Selected Publications:

Gliessman, S. R. 2007. Agroecology: The Ecology of Sustainable Food Systems. 2nd Edition, CRC/Taylor&Francis Group, Boca Raton, FL.
Gliessman, S.R., and M.E. Rosemeyer. 2010. The Conversion to Sustainable Agriculture: Principles, Practices, and Processes. Series in Agroecology. CRC/Taylor&Francis Group, Boca Raton, FL.
Gliessman, S. R., M. R. Werner, S. L. Swezey, E. Caswell, J. Cochran, and F. Rosado-May. 1996. "Conversion to organic strawberry management changes ecological processes." California Agriculture 50:24Ð31.
Gliessman, S.R. 2008-Present, Editorials for each Issue of the Journal of Sustainable Agriculture, for which he is the Editor.
Gliessman, S. R. (ed.). 1990. Agroecology: Researching the Ecological Basis for Sustainable Agriculture. Ecological Studies Series no. 78. New York: Springer-Verlag.

David E. Goodman

Research: Rural and agro-food studies,development and political economy, and nature-society relations. David Goodman's research is informed by political economy, critical social theory, and an engagement with emerging literatures on nature-society relations.These interests currently are focused on agro-food networks, including consumption issues, the political ecology of North-South interactions, globalization and regionalism, and the metabolic relations of everyday life. These research themes complement past and continuing work on rural development in Brazil, global agro-food networks, and the technological reconfiguration of agricultural nature

Selected Publications:

Goodman, D., and M. I. FitzSimmons. Forthcoming. "Incorporating nature: Environmental narratives and the reproduction of food."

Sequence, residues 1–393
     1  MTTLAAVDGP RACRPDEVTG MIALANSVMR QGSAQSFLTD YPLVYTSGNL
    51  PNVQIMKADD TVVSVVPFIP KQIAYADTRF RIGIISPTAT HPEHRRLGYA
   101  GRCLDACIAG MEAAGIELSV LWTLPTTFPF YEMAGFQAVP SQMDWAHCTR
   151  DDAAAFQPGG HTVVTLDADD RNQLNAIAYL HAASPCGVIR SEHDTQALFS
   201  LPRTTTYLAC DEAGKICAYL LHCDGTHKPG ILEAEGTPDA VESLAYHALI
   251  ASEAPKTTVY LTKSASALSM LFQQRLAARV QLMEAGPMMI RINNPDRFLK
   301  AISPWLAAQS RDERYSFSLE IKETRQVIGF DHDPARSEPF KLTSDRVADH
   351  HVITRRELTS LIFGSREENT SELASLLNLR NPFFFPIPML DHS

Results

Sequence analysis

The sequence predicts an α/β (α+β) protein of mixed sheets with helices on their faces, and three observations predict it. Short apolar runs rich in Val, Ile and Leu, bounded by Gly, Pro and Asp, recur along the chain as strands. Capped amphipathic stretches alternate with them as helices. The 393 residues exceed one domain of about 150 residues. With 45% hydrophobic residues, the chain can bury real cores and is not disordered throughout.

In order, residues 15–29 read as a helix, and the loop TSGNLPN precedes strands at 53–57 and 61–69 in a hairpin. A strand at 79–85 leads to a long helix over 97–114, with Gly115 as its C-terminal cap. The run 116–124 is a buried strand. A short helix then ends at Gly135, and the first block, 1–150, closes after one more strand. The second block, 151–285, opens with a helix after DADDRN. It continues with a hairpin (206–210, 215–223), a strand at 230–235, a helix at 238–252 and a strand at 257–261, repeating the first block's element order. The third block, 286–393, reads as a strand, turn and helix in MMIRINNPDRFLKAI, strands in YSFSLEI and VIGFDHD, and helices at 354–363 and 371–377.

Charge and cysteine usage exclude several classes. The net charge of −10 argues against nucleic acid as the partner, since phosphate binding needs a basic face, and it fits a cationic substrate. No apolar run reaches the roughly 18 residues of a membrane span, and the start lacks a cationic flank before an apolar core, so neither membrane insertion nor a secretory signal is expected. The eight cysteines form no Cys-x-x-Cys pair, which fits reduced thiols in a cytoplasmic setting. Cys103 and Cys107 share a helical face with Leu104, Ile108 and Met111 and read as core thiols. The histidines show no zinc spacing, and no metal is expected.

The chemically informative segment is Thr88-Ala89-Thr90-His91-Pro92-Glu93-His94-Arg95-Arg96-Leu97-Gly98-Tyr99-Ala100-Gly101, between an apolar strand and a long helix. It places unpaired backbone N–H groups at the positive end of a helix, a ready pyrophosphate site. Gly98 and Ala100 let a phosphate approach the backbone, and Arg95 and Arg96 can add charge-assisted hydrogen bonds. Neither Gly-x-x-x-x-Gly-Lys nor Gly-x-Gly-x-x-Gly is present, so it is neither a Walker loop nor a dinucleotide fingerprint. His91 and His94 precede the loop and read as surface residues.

In N. Castree and B. Wilhelms-Braun (eds.), The Production of Nature at the End of the Twentieth Century. London and New York: Routledge.
Goodman, D. 1997. "World-scale processes and agro-food systems: Critique and research needs."Review of International Political Economy 4(4).
Goodman, D., and R. B. Howarth. 1997. "International trade and sustainable development." In S. Kamieniecki, G. A. Gonzalez, and R. O. Vos (eds.), Flashpoint in Environmental Policymaking: Controversies in Achieving Sustainability. Albany: State University of New York Press, pp. 257-277.
Goodman, D., and M. Watts. 1997. "Global appetite, local metabolism: Nature, culture and industry in fin-de-siècle agro-food systems." Ch. 1 in D. Goodman and M. Watts (eds.), Globalizing Food: Agrarian Questions and Global Restructuring. London and New York: Routledge, pp. 1-32.
Goodman, D., and M. Watts (eds.). 1997. Globalizing Food: Agrarian Questions and Global Restructuring. London and New York: Routledge.Paul L. Niebanck

Deborah K. Letourneau

letourneau-deborahResearch: Insect-plant interactions, biological control, trophic cascades, tropical ecology, community ecology in forests and agroecosystems, redwood forest food webs, landscape complexity and ecosystem services for pest control

Selected Publications:

Letourneau, D.K., M. Fitzsimmons, and D. Nieto. 2016. Approaches in plant protection – science, technology, environment and society. Chapter 1, In Coll, M. and E. Wajnberg, Editors. Pest management within the environment: challenges for agronomists, ecologists, economists and policy makers [Peer Reviewed, Invited]
Barbosa, P., D. K. Letourneau, and A. Agrawal (Eds.). 2012 Insect Outbreaks Revisited. 400+ pp. John Wiley and Sons, New York, NY.
Letourneau, D. K. and S. G. Bothwell. 2008. Comparison of organic and conventional farms: challenging ecologists to make biodiversity functional.  Frontiers in Ecology and the Environment 6:430-438. [Peer Reviewed, Invited]
Letourneau, D. K., 2004. Mutualism, anti-herbivore defense, and trophic cascades: Piper ant-plants as a mesocosm for experimentation, Ch. 2 IN L.A. Dyer and A. Palmer (Eds.) Piper: A Model Genus for the Studies of Phytochemistry, Ecology and Evolution, Kluwer/Plenum Academic Publishing, New York, NY [Peer Reviewed, Invited]
Letourneau, D. K. and L. A. Dyer, 2004. Multi-trophic interactions and biodiversity: beetles, ants, caterpillars and plants Ch. 12 IN D. Burslem, M. Pinard, and S. Hartley (Eds.) Biotic Interactions in the Tropics, Cambridge University Press, New York, NY [Peer Reviewed, Invited]